Balancing transferability and complexity of species distribution models for rare species conservation
Species distribution models (SDMs) are valuable for rare species conservation and are commonly used to extrapolate predictions of habitat suitability geographically to regions where species occurrence is unknown (i.e., transferability). Spatially structured cross-validation can be used to infer transferability, yet, few studies have evaluated how delineation of cross-validation folds affects model complexity and predictions. We developed SDMs using multiple cross-validation approaches to understand the implications for predicting habitat suitability for northern Idaho ground squirrels, a rare, federally threatened species that has been extensively surveyed in regions where known populations occur, resulting in >8000 presence locations.
We delineated cross-validation folds by mimicking the manner in which predictions would be geographically extrapolated or by using existing dispersal barriers. We varied the distance between, number, and directionality of folds. We conducted a grid search on statistical regularization parameters to optimize model complexity, covering a range of values exceeding that typically implemented. For each cross-validation approach, we selected optimal regularization and model complexity based on out-of-sample predictive ability.
Delineation of cross-validation folds substantially affected resulting model complexity and extrapolated predictions. All cross-validation approaches resulted in models with apparently high out-of-sample predictive ability, yet optimal model complexity varied substantially among the approaches. Regularization demonstrated a noisy relationship between model complexity and prediction, where local optima in predictive performance were common at small values.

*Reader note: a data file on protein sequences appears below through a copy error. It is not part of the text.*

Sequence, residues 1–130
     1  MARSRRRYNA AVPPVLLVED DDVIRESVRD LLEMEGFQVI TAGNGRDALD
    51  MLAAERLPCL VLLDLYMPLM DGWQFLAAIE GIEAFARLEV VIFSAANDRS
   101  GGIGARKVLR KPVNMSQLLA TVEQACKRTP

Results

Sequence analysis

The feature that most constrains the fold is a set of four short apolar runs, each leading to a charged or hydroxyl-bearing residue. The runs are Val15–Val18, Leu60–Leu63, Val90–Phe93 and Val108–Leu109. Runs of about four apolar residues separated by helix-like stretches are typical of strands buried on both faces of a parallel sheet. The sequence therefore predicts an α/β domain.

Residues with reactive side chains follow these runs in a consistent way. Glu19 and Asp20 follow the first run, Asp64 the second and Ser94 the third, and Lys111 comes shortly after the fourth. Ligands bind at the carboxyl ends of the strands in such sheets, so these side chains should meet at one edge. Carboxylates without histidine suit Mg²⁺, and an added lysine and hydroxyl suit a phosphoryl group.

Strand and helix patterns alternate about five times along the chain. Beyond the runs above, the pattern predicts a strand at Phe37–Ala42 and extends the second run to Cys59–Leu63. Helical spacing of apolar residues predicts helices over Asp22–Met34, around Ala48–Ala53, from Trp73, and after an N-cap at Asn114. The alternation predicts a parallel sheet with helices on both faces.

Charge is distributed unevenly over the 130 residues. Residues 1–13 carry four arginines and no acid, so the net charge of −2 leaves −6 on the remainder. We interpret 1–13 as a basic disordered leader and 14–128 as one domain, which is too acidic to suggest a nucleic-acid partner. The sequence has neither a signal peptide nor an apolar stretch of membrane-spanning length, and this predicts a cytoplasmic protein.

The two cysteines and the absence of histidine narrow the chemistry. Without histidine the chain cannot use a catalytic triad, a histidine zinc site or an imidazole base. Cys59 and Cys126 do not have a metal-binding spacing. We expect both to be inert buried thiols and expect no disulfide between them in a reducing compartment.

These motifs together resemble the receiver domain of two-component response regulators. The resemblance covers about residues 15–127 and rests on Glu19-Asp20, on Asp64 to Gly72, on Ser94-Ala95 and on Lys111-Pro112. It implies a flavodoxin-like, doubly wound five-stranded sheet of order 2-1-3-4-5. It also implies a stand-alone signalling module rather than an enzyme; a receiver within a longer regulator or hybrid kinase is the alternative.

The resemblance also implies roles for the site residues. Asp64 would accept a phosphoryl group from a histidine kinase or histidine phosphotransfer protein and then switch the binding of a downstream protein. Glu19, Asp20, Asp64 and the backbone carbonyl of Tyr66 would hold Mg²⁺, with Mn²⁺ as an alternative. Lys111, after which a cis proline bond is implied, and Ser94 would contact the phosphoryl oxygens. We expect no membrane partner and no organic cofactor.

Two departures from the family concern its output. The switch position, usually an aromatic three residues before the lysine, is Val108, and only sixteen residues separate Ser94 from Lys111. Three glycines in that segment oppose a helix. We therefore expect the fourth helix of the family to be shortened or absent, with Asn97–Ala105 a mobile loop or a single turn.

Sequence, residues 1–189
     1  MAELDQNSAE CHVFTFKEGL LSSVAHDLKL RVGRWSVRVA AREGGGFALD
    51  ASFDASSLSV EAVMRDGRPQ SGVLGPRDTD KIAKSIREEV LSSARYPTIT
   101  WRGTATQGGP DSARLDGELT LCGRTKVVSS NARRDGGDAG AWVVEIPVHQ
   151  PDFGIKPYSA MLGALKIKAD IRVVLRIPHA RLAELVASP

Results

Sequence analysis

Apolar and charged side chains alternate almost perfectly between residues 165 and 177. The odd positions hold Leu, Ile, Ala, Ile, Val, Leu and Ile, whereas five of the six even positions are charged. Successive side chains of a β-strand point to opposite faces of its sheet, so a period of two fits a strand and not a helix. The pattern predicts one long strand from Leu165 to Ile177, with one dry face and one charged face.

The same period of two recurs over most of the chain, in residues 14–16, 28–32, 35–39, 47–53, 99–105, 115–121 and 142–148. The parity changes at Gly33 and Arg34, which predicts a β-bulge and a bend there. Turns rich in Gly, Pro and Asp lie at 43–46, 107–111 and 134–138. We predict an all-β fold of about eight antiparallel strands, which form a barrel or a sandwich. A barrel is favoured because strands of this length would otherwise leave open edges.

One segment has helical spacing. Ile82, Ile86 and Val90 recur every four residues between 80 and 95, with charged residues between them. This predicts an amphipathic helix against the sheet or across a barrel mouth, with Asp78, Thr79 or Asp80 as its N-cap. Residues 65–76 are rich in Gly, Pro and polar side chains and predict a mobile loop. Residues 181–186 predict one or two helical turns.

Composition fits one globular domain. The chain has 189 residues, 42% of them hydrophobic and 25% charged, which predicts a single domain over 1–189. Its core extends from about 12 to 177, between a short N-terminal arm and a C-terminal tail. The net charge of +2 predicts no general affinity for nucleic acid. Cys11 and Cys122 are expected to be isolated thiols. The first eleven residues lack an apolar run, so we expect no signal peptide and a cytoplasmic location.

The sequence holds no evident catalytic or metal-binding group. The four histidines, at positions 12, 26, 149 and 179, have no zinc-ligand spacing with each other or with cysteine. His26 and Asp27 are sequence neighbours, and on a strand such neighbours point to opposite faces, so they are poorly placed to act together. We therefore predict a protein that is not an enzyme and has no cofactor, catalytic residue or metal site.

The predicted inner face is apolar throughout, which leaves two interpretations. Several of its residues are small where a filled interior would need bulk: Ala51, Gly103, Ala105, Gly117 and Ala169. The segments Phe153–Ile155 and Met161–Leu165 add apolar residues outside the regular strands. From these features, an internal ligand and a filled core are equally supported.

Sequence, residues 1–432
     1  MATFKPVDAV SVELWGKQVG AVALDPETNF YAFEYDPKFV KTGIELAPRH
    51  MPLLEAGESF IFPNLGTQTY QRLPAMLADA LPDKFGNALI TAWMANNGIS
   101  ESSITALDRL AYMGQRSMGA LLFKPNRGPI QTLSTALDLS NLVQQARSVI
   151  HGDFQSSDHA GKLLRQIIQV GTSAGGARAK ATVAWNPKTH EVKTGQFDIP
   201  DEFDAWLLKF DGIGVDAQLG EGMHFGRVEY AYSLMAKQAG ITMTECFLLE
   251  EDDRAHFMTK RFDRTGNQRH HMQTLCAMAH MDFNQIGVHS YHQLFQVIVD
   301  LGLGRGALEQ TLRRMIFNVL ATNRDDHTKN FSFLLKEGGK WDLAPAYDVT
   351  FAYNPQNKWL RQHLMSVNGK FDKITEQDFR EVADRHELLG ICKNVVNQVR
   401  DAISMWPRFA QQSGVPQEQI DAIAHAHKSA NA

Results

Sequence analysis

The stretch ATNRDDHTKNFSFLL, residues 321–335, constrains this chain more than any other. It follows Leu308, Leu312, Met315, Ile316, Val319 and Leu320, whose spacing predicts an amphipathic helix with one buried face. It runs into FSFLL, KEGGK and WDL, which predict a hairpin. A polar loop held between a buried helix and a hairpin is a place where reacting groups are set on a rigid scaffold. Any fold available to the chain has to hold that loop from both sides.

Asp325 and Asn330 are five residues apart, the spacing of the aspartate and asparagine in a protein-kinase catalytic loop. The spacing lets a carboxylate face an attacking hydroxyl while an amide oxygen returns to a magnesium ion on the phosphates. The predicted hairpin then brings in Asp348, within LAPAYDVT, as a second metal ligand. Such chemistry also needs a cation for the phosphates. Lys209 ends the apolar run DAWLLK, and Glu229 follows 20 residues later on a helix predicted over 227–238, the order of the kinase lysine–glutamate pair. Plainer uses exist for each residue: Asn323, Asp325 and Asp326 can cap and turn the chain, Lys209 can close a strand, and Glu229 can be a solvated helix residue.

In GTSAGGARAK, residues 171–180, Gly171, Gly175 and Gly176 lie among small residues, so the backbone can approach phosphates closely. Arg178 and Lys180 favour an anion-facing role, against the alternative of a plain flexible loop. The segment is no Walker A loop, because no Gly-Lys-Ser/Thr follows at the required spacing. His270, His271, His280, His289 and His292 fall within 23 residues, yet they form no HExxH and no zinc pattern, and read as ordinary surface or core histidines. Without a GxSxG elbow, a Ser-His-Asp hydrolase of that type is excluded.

Subtle modelling decisions can have large consequences for predictions of habitat suitability and transferability of SDMs. When transferability is the goal, cross-validation approaches should be considered carefully and mimic the manner in which spatial extrapolation will occur, else overly complex models with inflated assessments of predictive accuracy may result. Further, spatially structured cross-validation may not guard against over-parameterization, and assessing a broader range of regularization parameters may be necessary to optimize model complexity for transferability.
|Publication Subtype||Journal Article|
|Title||Balancing transferability and complexity of species distribution models for rare species conservation|
|Series title||Diversity and Distributions|
|Contributing office(s)||Coop Res Unit Seattle|
|County||Adams County, Valley County|
|Google Analytic Metrics||Metrics page|